Following the Whitter decision, HMRC confirmed the withdrawal of RMF’s gross status. Whilst RMF accepted that the outcome of the Tax Treatment Qualifying Test review in 2012 was technically correct, it did not accept that that the withdrawal, some eight years later, was appropriate. Furthermore, if it were to apply for gross status now it would meet the current requirements and gross status would be granted.
The FTT allowed RMF’s appeal and agreed that revoking its gross payment status was disproportionate in relation to the failure that occurred eight years ago and would serve no purpose. In addition, it found that the company would be able to reapply for gross payment status immediately, which, in line with the normal rules, would be granted.
HMRC’s grounds of appeal
HMRC’s appealed to the UTT on three grounds –
- Ground 1: The FTT misunderstood the limits of its jurisdiction and the nature of its review function
- Ground 2: The FTT misapplied the proportionality test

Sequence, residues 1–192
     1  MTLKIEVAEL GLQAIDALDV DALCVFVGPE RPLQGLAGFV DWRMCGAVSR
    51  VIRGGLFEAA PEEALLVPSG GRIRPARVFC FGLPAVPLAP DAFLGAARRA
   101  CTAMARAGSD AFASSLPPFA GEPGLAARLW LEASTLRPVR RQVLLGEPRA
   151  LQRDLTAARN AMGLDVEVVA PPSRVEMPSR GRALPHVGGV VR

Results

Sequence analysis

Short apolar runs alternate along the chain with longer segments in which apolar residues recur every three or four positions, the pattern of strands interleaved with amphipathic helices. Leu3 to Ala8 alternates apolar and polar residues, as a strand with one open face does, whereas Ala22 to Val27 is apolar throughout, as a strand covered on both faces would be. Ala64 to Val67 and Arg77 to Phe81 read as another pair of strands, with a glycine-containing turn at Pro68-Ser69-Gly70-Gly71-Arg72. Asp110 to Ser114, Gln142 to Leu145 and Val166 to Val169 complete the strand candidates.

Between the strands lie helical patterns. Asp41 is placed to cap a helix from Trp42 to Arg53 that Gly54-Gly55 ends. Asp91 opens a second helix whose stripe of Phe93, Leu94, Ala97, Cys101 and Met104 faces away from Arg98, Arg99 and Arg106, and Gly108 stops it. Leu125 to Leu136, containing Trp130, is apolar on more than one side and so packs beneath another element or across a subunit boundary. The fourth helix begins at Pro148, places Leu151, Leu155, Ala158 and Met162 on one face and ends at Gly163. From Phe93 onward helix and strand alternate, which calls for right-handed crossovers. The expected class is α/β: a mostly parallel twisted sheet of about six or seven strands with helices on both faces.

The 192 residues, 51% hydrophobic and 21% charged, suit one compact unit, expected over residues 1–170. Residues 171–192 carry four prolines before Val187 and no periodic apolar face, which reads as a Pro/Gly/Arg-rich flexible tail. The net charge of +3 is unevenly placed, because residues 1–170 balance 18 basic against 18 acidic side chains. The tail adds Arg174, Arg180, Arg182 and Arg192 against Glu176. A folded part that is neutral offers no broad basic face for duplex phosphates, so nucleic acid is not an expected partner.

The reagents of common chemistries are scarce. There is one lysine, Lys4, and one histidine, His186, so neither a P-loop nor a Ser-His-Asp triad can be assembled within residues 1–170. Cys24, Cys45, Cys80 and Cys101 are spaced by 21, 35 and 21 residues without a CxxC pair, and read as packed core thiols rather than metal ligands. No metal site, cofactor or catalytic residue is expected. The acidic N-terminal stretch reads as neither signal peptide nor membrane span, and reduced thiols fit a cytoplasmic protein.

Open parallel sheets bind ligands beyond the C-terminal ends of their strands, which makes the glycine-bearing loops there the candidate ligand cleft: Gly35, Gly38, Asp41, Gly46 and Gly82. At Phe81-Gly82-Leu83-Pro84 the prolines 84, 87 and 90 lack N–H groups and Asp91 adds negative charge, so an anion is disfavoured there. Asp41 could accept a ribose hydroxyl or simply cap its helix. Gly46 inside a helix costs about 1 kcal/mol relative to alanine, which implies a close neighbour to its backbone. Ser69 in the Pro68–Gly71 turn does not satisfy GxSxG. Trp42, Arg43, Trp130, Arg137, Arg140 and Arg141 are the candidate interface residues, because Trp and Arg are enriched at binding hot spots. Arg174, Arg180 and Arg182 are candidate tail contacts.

- Ground 3: The FTT relied on impermissible factors when determining that the withdrawal of gross payment status was disproportionate
RMF’s position supported the decision of the FTT which had allowed its appeal against the withdrawal of its gross payment status, contending that it would be totally unfair to lose its gross status so long after the event and after implementing changes to improve its systems and comply with the legislation.
The UTT allowed HMRC’s appeal, concluding that the basis of their case on Ground 1 was sufficient to allow the appeal. That being said, the UTT also commented briefly on the remaining two Grounds finding in favour of HMRC in both.